Plants that Handle Hot-Season Sowing Well

Some plants are happier about the hot summer conditions than others. And in the cooler climate zones, you’re really entering peak sowing time since the last frosts are now well and truly over.  Here are some climate-zone based selections for November or even Early December sowing – but hurry! 

Subtropics and Northern Districts (Veg)

  • Sweet and hot peppers
  • Tomatoes (there’s still time)
  • Basil
  • Sweetcorn
  • Pumpkins and other cucurbits
  • Okra
  • Spinach
  • Amaranth

Subtropical gardeners can still sow butter lettuce as well as melons and summer bean varieties.

Temperate Climates (Veg)

Thanks to the moderate climate, you can grow everything that’s listed above with a few extras:

  • Beetroot
  • Carrots
  • Radishes
  • Lettuce
  • Silverbeet

Cold Temperate Climates (Veg and Flowers)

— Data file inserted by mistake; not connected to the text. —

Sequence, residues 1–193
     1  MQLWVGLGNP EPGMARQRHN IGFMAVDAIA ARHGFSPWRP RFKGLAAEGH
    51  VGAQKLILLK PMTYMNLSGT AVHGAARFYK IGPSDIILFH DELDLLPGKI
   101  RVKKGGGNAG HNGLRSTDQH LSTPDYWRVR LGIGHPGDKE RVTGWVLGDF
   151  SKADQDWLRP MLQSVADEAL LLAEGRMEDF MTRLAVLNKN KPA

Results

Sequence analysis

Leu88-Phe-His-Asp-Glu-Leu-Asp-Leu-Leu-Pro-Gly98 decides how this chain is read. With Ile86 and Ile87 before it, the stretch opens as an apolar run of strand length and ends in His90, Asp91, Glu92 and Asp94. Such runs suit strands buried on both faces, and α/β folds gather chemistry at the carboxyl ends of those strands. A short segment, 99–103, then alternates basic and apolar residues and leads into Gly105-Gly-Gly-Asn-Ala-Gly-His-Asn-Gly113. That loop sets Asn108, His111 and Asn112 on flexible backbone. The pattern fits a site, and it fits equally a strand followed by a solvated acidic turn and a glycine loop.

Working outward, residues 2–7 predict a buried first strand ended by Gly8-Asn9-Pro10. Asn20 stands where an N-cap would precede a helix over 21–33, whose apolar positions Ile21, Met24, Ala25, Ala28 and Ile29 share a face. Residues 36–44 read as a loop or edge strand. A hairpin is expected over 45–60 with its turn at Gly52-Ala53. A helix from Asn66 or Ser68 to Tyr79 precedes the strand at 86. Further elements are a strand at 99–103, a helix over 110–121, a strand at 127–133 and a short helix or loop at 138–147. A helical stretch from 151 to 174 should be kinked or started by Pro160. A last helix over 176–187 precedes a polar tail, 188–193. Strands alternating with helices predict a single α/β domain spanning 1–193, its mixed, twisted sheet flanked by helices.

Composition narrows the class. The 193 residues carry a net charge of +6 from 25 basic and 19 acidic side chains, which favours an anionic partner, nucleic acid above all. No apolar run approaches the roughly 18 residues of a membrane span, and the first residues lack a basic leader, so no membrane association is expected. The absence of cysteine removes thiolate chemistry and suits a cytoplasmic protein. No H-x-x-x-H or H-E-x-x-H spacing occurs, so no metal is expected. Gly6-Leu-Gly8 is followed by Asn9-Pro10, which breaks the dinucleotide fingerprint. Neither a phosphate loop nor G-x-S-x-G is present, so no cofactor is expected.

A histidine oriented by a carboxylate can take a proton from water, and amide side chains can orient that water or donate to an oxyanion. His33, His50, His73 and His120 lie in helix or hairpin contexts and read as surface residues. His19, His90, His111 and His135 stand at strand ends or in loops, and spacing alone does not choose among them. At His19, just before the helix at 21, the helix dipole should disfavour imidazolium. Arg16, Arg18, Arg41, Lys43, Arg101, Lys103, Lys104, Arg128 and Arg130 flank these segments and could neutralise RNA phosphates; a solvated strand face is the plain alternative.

Because summer heat isn’t as harsh, you’re in peak growing season right now. You’re also likely to have better luck with lettuce and other leafy greens that will be more challenging in warmer areas. 

Heat Tolerant Flowering Annuals

There’s no reason why this summer shouldn’t be a riot of colour. Brighten up your garden with these tough, heat-loving hotties:

  • Marigolds
  • Zinnias
  • Cosmos
  • Salvias
  • Portulaca
  • Geraniums
  • Ageratum
  • Petunias
  • Sunflowers
  • Celosia
  • Celome
  • Cornflower
  • Alyssum
  • Seed dahlias

Nature is Still Giving us the “Grow-Ahead”

A look around you will tell you that nature’s going all out with the growing season right now. While you can still sow certain crops all year round, now’s the time to take advantage of the season, stocking up your garden with a good variety of veggies and flowering plants. We’ve definitely only listed the main crops to have on your radar right now, so if you’d like to add something you feel the Seeds of Plenty community can benefit from, please share!  Need more inspiration? Browse our store. We’ve searched the world over for the best seeds and plant varieties for you to try.